The Word-Nerd’s Homestead – Fall 2021: Blog Edition #6 – New Brood Update & Grow-Out Pen Build

Welcome back to the Homestead, Happy Readers!

It’s taken a while to finish up my latest project so that I could blog about it as a whole. I sectioned off 1/2 of the chicken run to be used for a combo Grow-Out Pen & Breeding hutches. The hutches will be done before spring, but the grow-out section was needed for the new group of chickens that are now about 5 weeks old and getting a bit too big for the brooder.

Here’s a step-by-step of the build in pictures. Chicken pictures are at the end.

Grow-Out Pen Build

Starting out, I had to do a lot of digging to get a level spot for the runner boards because my pen is on such a steep slope. It is also slate-rock that is very very hard!

The forward section ended up being ‘level’ at about 18″ below the grade of the fence. That means I had to dig a bit of a drainage path that runs ‘under’ the hutch floor itself.

I decided to put the corner against the center post just to reduce the need for one riser. The pen is about 9′ wide at that point, so I have a 1′ gap next to the outside fence. This will probably be used for either storage, or I may add some external nest boxes to the upper portion which will be the coop for breeding in the spring.

I went with OSB board (4’x8′) due to the cost. I hope I don’t regret it long term. I’ll do my best to weather-proof it for longevity after I get the birds settled in good.

I had to jack up the outside edge to get things on a 1/4 bubble slant and keep the central shelf & top even.

I had an old kitchen cabinet face that I simply repurposed for the grow-out side of things. The right side is just some old pieces of plywood and cheap hinges.

I threw in some roosting poles with the consideration that this will be for 6 to 16 week old birds only. The top is only 3′ high, and the poles are about 2′ off the floor. They are made of scraps and left-overs.

Next up: The back side is a solid panel on hinges. The point of hinging it is so that I can open it and easily clean out the inside. As I write this, I realize I have made an oversight. It’s one piece, and I plan to split that side of the hutch into two sections. That means I’ll have to determine how to fold my divider as well. Oh well, adjust and adapt!

After that I needed a gate for the grow-out side. I had some old homemade window awnings that came off an old mobile home. I dismantled them and turned the aluminum angle into a door frame.

A slight hole drilled into the wood and a bolt hammered (carefully) into place served as the bottom hinge pin, while the original bolt and another piece of angle served as the top.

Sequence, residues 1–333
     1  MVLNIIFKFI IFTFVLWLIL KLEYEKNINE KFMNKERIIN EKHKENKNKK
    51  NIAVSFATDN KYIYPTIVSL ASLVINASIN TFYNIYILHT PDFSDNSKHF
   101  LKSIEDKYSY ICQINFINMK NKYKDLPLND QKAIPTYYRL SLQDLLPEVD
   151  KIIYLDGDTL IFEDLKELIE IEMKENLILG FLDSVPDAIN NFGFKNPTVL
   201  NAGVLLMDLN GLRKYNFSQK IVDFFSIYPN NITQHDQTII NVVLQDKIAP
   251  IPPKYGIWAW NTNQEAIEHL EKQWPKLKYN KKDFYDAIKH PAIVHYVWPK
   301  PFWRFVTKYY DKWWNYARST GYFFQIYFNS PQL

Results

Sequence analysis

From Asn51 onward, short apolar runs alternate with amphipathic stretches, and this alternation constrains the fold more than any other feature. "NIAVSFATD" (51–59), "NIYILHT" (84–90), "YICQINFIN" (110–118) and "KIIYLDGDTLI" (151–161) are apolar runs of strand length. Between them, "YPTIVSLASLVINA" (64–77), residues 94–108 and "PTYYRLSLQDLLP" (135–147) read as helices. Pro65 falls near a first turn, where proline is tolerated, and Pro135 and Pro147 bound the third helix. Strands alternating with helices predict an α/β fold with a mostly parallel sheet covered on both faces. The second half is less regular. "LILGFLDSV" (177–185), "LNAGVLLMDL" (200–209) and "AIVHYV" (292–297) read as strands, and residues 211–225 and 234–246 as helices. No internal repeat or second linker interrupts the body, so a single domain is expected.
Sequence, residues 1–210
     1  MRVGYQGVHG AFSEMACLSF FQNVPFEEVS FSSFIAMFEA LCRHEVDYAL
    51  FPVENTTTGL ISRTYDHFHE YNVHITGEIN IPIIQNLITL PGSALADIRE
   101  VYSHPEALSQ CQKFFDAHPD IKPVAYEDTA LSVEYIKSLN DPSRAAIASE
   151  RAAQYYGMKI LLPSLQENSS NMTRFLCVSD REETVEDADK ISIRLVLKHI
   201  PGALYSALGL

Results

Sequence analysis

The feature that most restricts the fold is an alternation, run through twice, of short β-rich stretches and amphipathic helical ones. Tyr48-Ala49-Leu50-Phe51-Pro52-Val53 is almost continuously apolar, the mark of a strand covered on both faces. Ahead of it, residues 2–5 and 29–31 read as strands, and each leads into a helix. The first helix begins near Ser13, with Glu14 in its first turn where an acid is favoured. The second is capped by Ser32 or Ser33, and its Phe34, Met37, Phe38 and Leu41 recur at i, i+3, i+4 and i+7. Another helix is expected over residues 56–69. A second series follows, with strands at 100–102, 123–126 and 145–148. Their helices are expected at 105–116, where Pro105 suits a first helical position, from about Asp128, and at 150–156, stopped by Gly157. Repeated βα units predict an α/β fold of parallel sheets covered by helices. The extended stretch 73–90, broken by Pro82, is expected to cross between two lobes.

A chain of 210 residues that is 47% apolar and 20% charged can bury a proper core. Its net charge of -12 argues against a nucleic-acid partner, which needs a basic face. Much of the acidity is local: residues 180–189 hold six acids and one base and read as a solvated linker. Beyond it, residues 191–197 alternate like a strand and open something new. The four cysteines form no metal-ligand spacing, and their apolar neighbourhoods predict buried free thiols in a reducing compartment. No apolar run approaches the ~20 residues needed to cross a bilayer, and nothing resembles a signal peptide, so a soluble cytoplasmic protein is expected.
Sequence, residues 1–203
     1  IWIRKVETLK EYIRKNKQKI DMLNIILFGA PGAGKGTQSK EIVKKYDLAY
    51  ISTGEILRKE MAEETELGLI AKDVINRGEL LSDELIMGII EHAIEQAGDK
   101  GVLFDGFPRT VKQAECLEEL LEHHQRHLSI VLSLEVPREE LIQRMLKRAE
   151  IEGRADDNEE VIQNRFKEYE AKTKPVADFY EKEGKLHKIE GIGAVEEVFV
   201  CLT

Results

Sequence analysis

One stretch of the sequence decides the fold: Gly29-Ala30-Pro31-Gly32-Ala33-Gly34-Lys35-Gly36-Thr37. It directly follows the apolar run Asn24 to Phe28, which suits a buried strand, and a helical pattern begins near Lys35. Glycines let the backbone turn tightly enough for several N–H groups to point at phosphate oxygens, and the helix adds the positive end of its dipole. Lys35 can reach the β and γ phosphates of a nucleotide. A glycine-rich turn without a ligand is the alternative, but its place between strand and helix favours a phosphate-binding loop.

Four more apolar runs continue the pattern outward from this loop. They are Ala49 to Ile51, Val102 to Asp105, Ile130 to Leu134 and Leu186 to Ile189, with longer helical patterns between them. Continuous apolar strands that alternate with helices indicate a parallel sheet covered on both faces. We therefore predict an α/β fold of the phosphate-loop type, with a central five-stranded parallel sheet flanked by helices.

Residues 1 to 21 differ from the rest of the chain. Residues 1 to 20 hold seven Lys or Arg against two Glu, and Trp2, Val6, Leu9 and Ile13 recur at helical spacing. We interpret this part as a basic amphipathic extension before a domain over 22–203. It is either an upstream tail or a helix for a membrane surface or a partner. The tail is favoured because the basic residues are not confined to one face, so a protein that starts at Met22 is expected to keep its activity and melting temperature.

And viola… a door!

Next up is a central door post and top beam. I used scrap for this as well.

After more scrounging, I found a bunch of PVC lattice buried in the leaves. I felt like I hit the lottery! Anyway, I used several pieces here because it it rot-proof! I threw a homemade latch on the bottom and now I can open/close/lock it with a foot.

A few pieces of wire and the main grow-out run is closed off!

As a temporary close-off, I threw one of the full PVC lattice sheets up on the top section and some other scrap on gap side. It’s just temporary because I will replace it when I finish the top part of the hutch for the breeding coops.

I scraped up all the saw-dust from the shop and threw it on the floor.

Now it’s a Chicken Bar!

I kludged together some door latches for the front. All four door will open, but I the far right one is screwed down unless I need it.

The very last step was to drill some vent holes and add in my brooder light. I also put my temperature switch (not shown) inline so that they don’t get too hot.

Now we get to the part you probably really want to see….

CHICKENS!

The 12 new chickens in the brooder before the transfer.

Little birds on the roots in the new crib.

As we got them ready to transport, I took some pictures of the gender & breed makeup.

All of them are some mix of French Wheaton Maran, Blue Laced Red Wyandotte or Buff Orpington. I determined that I have the following…

7 FWM Roos, 3 FWM Hens, <— still could be mixed, but the combs and feathered feet are presenting as FWM.

1 BLRW Roo, 1 BLRW Hen <— possible that they are Buff Orpington cross instead of FWM

Pictures of each type are below.

French Wheaton Maran Roo
French Wheaton Maran Hen (she turned her head right as I snapped the shot, so the comb is hard to see)
Blue Laced Red Wyandotte Roo – flat comb, no feathers on feet, larger leg diameter than FWM:
Note, I could be wrong about the cross and this could be a Buff Orpington/BLRW cross
Blue Laced Red Wyandotte Hen – flat comb, not as pronounced, no feathers on feet: similarly, might be Orpington cross

So, the latest batch of chickens, my 1st self-hatched brood, is now in new Grow-Out Coop and will be getting acquainted with their parent flock in the coming weeks. I’ll take pics and post updates when I can.

Thanks for reading!

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